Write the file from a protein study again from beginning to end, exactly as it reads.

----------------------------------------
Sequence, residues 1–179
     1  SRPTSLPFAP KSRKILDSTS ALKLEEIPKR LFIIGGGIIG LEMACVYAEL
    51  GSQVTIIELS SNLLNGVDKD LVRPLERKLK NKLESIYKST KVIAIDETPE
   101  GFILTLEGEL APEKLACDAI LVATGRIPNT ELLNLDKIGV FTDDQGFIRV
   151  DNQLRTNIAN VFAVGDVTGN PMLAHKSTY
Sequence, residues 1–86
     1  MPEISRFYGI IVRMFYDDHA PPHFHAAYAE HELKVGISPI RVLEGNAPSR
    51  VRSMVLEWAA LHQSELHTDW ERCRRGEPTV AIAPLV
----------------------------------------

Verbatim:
Sequence, residues 1–179
     1  SRPTSLPFAP KSRKILDSTS ALKLEEIPKR LFIIGGGIIG LEMACVYAEL
    51  GSQVTIIELS SNLLNGVDKD LVRPLERKLK NKLESIYKST KVIAIDETPE
   101  GFILTLEGEL APEKLACDAI LVATGRIPNT ELLNLDKIGV FTDDQGFIRV
   151  DNQLRTNIAN VFAVGDVTGN PMLAHKSTY
Sequence, residues 1–86
     1  MPEISRFYGI IVRMFYDDHA PPHFHAAYAE HELKVGISPI RVLEGNAPSR
    51  VRSMVLEWAA LHQSELHTDW ERCRRGEPTV AIAPLV